"Understanding Your Home" by Building Inspector Mark Visser
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Installing a knee wall or suspended beam is a task that should be handled by a professional. Even before starting the job the contractor has to know the size and spacing of the ceiling joists and where the pressure created by the knee wall or beam can be transferred to a load bearing wall below.
If you are not 100% sure of how to do the job than don't do it because doing it the wrong way can lead to serious structural damage to the house.

Attic Knee-Wall
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Attic knee-walls can be found in 1 1/2 and 2 1/2 storey homes where they form the walls of rooms on the top floor. The ceilings in those rooms are formed by higher than normal installed collar ties. Basically, the rooms are built in the attic. They also can be found in Cape-Cod style homes. However, in this type of home rooms on the upper floors were designed to be there and the knee-walls are much taller because there was much more headroom to begin with.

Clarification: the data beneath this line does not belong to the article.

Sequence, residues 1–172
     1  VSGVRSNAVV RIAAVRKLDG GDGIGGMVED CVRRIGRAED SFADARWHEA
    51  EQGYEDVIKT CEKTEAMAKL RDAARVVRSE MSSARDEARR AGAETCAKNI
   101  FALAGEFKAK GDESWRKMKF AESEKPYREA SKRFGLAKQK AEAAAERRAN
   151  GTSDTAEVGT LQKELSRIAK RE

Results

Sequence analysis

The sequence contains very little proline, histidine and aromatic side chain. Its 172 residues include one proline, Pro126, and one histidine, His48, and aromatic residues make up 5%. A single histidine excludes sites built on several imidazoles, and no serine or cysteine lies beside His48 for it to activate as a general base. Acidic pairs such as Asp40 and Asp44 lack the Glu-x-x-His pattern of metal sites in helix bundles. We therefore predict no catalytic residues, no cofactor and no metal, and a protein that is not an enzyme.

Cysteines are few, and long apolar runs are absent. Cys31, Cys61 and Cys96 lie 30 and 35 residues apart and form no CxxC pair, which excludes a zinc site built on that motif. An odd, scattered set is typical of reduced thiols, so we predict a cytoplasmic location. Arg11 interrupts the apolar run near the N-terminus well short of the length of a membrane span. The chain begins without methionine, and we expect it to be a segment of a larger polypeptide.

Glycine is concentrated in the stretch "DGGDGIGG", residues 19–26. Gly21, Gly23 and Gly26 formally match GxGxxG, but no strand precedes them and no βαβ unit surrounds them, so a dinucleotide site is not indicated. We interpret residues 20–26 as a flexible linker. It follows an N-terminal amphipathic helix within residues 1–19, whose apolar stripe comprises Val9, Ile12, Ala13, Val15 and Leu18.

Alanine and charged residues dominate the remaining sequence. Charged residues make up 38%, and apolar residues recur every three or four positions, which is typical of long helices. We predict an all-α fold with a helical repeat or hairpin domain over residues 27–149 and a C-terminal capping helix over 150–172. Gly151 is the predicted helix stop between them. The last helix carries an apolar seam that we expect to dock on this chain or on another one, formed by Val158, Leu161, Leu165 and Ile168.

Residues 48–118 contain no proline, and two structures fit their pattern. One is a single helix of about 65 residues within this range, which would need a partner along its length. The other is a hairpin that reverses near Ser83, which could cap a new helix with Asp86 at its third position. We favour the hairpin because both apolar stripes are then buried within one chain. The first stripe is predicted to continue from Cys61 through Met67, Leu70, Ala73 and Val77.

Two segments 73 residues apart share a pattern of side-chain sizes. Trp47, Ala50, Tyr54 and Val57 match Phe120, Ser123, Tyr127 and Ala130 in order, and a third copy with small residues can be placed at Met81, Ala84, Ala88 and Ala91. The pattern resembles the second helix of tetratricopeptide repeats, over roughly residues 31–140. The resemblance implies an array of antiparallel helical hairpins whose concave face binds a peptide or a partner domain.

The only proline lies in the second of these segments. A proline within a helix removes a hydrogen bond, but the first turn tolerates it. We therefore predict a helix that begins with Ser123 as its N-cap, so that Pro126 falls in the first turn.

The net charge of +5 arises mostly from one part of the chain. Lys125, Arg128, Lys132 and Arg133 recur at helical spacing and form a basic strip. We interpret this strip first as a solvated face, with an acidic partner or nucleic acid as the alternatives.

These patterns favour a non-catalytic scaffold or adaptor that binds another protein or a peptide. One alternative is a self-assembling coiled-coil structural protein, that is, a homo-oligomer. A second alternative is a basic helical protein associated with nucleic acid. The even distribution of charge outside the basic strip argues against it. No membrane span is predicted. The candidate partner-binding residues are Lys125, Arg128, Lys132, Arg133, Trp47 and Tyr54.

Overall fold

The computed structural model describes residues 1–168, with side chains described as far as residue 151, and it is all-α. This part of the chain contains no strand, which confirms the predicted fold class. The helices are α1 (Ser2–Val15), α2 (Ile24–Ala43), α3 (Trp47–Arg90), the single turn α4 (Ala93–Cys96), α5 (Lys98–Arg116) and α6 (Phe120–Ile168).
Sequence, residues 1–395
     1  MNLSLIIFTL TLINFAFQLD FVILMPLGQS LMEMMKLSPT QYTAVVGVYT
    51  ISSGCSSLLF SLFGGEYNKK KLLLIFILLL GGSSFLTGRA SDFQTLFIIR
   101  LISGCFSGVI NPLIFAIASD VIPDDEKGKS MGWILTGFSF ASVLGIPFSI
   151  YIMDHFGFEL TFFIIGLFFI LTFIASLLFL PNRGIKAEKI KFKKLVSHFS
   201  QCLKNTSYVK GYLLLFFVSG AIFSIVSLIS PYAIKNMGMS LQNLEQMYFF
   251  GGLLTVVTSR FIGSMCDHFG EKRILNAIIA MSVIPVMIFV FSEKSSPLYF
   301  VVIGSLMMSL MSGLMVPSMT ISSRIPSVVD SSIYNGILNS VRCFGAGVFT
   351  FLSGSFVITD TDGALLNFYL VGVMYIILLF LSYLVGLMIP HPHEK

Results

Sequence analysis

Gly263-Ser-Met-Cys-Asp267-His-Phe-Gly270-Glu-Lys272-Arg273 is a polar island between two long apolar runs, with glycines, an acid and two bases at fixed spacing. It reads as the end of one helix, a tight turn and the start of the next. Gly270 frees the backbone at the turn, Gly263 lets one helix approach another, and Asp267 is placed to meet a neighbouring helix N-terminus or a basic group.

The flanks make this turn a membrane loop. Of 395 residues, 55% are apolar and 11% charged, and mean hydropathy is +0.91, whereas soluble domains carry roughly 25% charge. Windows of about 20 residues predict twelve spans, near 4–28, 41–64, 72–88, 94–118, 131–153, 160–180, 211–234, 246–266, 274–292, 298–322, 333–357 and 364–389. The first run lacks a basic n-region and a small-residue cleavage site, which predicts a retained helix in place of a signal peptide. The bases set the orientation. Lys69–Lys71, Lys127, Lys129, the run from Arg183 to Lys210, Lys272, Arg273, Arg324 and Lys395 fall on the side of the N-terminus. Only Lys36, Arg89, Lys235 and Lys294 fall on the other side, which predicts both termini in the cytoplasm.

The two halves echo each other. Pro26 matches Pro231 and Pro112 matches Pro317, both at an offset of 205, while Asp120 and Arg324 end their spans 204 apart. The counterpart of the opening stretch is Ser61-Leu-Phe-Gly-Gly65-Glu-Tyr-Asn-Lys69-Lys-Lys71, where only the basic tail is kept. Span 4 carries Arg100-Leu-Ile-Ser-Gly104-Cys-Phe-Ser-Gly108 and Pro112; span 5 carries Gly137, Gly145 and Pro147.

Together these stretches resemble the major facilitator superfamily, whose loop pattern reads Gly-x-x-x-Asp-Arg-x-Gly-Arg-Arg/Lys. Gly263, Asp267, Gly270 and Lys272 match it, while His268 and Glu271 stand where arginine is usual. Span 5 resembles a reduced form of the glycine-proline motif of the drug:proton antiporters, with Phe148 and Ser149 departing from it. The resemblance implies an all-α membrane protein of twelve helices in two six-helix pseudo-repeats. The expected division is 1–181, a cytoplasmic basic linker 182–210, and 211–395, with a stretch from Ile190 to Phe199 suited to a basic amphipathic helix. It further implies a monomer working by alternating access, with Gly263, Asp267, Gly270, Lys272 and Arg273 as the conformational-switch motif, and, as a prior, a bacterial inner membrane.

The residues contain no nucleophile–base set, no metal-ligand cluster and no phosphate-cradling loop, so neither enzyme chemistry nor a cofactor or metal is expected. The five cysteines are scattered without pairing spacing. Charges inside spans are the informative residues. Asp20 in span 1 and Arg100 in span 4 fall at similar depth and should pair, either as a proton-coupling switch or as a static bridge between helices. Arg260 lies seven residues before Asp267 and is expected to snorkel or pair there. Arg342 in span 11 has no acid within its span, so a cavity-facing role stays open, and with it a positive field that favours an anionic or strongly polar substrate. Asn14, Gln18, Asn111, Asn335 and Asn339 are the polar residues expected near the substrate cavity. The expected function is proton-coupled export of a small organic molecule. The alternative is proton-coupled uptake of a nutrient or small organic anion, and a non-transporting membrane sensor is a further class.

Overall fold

The space behind the knee-wall should be properly vented. The knee-wall and the exposed ceiling behind it should be insulated as shown.

Knee-walls can be build in any attic space to straighten and/or stabilize roof deflections. That is, if the ceiling joists are strong enough to handle the extra pressure.
If the ceiling cannot handle the extra load and if there are no load-bearing walls which can be used for support, it is recommended to install the knee-wall on a floating or suspended beam.
The beam can be nailed together in the attic (crown up!) and installed on blocks high enough to clear the ceiling joist by at least 2" (50 mm). The support blocks have to be placed on bearing walls.
The space behind knee-walls is usually wasted space except for storage.

Insulation in attic space behind knee-wall

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